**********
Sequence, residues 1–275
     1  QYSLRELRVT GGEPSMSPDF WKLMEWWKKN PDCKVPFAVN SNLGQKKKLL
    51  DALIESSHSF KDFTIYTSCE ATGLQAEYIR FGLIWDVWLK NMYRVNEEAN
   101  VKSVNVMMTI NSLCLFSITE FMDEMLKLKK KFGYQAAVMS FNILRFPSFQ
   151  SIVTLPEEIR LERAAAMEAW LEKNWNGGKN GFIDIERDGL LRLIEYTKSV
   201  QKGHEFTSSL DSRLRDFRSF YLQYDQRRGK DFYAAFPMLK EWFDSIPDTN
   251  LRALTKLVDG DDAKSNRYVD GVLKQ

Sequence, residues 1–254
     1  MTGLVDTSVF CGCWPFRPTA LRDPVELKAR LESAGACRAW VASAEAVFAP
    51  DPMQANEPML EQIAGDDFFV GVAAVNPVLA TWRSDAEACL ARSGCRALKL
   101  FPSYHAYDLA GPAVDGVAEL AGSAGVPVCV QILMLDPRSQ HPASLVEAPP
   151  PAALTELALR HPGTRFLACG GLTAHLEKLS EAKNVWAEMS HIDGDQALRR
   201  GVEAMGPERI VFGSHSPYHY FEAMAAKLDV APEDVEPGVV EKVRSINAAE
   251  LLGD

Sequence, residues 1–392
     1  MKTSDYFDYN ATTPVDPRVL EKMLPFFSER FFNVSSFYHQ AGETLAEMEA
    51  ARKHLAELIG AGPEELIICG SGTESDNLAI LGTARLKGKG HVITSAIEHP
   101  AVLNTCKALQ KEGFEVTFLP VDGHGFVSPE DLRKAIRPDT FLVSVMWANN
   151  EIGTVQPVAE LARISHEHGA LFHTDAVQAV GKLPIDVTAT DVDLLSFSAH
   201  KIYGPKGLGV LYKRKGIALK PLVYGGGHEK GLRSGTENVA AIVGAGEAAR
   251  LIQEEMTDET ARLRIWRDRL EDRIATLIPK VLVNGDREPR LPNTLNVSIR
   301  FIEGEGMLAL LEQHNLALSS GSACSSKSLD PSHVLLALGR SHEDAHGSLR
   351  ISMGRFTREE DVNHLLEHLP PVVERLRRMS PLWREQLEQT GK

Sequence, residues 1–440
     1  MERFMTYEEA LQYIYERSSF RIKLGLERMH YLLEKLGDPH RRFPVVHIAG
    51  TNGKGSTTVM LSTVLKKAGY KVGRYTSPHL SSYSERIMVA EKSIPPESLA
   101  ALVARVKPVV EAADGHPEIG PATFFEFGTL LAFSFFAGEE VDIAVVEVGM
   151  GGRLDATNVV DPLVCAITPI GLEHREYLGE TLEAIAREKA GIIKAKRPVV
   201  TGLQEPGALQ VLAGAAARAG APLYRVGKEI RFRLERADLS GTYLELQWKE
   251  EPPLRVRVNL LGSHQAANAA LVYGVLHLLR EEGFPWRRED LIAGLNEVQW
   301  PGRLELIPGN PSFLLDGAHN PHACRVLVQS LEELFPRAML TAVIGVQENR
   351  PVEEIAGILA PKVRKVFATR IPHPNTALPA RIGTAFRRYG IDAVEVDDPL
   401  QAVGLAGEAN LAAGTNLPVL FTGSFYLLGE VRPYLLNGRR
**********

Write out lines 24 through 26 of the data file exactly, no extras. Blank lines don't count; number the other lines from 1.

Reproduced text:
Sequence, residues 1–440
     1  MERFMTYEEA LQYIYERSSF RIKLGLERMH YLLEKLGDPH RRFPVVHIAG
    51  TNGKGSTTVM LSTVLKKAGY KVGRYTSPHL SSYSERIMVA EKSIPPESLA